In South, Children's Health Poorer Than in Other Regions; That's What Study Shows, but It's Hardly a Revelation for Health Care Professionals

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Children who live in some Deep South states are two to three times more likely to die or have other health problems than children living in some states in other regions, according to a University of Florida professor.

The poor health outcomes among children in the South documented in a study released Tuesday include low birth weight, teen pregnancy, death and problems such as mental illness, asthma, obesity, tooth decay and school performance. The study, led by Jeffrey Goldhagen, an associate professor of community pediatrics at the UF College of Medicine in Jacksonville, was published recently in the journal Pediatrics and is billed as the first to statistically relate region of residence to measures of child health.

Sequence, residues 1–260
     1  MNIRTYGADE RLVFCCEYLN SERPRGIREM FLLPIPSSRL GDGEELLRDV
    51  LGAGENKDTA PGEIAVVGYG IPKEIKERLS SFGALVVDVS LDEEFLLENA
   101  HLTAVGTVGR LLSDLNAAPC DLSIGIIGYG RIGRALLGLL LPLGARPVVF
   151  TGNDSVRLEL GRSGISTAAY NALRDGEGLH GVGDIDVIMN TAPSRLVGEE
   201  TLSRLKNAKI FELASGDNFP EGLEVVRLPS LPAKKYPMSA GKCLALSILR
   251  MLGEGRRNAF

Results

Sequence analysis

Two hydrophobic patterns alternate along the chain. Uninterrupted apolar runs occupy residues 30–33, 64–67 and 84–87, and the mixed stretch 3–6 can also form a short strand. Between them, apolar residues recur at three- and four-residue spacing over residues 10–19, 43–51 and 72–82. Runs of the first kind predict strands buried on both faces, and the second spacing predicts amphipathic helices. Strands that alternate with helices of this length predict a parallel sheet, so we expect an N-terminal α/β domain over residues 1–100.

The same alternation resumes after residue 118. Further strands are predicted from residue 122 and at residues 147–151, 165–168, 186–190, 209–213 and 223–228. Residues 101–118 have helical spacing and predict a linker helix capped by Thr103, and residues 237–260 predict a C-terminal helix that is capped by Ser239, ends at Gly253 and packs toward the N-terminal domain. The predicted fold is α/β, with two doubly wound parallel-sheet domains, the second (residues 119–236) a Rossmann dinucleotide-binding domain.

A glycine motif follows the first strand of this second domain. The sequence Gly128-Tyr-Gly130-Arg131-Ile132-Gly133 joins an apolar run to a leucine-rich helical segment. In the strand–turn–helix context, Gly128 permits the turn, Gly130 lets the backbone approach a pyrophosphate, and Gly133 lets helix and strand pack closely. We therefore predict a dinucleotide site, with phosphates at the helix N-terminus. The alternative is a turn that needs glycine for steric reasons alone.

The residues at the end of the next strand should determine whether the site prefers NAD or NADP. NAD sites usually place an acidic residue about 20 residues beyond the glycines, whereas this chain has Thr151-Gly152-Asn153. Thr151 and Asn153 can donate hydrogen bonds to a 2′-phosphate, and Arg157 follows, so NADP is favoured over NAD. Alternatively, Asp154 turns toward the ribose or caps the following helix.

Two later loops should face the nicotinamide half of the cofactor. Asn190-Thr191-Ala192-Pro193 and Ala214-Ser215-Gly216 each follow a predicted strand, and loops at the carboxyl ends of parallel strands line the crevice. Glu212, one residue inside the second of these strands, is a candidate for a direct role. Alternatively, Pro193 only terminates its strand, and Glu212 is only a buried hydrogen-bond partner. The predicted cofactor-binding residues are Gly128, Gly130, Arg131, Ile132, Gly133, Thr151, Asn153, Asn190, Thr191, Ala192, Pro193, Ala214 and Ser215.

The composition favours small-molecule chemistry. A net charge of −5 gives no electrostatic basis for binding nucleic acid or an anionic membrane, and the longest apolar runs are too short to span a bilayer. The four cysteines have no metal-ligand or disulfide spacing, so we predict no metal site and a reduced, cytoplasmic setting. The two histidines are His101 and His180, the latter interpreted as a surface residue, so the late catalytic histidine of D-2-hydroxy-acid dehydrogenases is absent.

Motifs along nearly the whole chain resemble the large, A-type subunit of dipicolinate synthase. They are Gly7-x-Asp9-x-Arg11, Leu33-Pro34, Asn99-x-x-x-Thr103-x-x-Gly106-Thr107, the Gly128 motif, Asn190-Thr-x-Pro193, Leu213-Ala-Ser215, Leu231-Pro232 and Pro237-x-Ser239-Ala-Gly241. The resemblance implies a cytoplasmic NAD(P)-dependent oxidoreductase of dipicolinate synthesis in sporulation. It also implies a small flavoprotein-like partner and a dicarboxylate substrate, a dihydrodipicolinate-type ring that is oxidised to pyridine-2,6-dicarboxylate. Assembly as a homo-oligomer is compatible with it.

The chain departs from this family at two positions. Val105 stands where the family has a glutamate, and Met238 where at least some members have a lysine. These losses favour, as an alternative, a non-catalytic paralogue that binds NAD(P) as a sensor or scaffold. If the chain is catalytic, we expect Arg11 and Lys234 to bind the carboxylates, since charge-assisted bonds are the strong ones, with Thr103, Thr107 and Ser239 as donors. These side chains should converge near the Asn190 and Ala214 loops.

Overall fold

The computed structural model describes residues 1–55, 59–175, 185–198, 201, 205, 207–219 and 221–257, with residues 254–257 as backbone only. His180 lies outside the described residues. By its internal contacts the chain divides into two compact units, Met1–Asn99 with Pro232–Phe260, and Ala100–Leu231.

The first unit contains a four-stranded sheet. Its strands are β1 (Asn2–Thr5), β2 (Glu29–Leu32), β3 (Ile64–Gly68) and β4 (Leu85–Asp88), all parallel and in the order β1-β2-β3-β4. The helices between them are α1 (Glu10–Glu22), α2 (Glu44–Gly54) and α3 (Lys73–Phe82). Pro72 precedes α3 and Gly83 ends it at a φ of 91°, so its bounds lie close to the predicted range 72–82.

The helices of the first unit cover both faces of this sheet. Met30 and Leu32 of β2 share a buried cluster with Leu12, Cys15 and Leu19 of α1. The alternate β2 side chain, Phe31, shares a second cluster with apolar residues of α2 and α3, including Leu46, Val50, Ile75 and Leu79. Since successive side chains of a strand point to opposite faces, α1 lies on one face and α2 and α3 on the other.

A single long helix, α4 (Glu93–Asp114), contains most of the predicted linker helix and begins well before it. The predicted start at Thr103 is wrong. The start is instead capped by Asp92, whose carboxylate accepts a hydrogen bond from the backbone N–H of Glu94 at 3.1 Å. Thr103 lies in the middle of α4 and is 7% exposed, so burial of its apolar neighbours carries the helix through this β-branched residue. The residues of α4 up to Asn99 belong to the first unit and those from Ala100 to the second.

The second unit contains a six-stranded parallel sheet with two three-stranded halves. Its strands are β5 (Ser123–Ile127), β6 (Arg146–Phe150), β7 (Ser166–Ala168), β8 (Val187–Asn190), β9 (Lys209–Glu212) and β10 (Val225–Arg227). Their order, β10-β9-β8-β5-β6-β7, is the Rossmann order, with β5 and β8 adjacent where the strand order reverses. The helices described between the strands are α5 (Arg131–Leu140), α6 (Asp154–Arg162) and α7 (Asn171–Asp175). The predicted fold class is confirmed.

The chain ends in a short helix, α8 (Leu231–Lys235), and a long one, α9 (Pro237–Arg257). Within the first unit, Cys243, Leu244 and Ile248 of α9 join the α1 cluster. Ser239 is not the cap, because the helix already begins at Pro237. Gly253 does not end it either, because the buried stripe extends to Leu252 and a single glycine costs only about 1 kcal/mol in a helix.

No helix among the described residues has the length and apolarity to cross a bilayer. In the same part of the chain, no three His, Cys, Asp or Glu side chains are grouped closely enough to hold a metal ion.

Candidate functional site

Goldhagen was director of the Duval County Health Department until late last year. He was embroiled last year in a dispute over $25,000 he received for teaching at the University of North Florida while he was Duval County health director.

As part of the three-year study, UF researchers computed a Child Health Index that ranked each state according to five routine indicators of physical health in children -- percentage of low-birthweight infants, infant mortality rate, child death rate, teen death rate and teen birth rates.

The scores revealed that eight of the 10 states with the poorest child health outcomes in the nation -- Mississippi, Louisiana, Arkansas, Tennessee, Alabama, Georgia, North Carolina and South Carolina -- are in what the researchers defined as the Deep South. The remaining Deep South states, Kentucky and Florida, are in the lowest quarter. …


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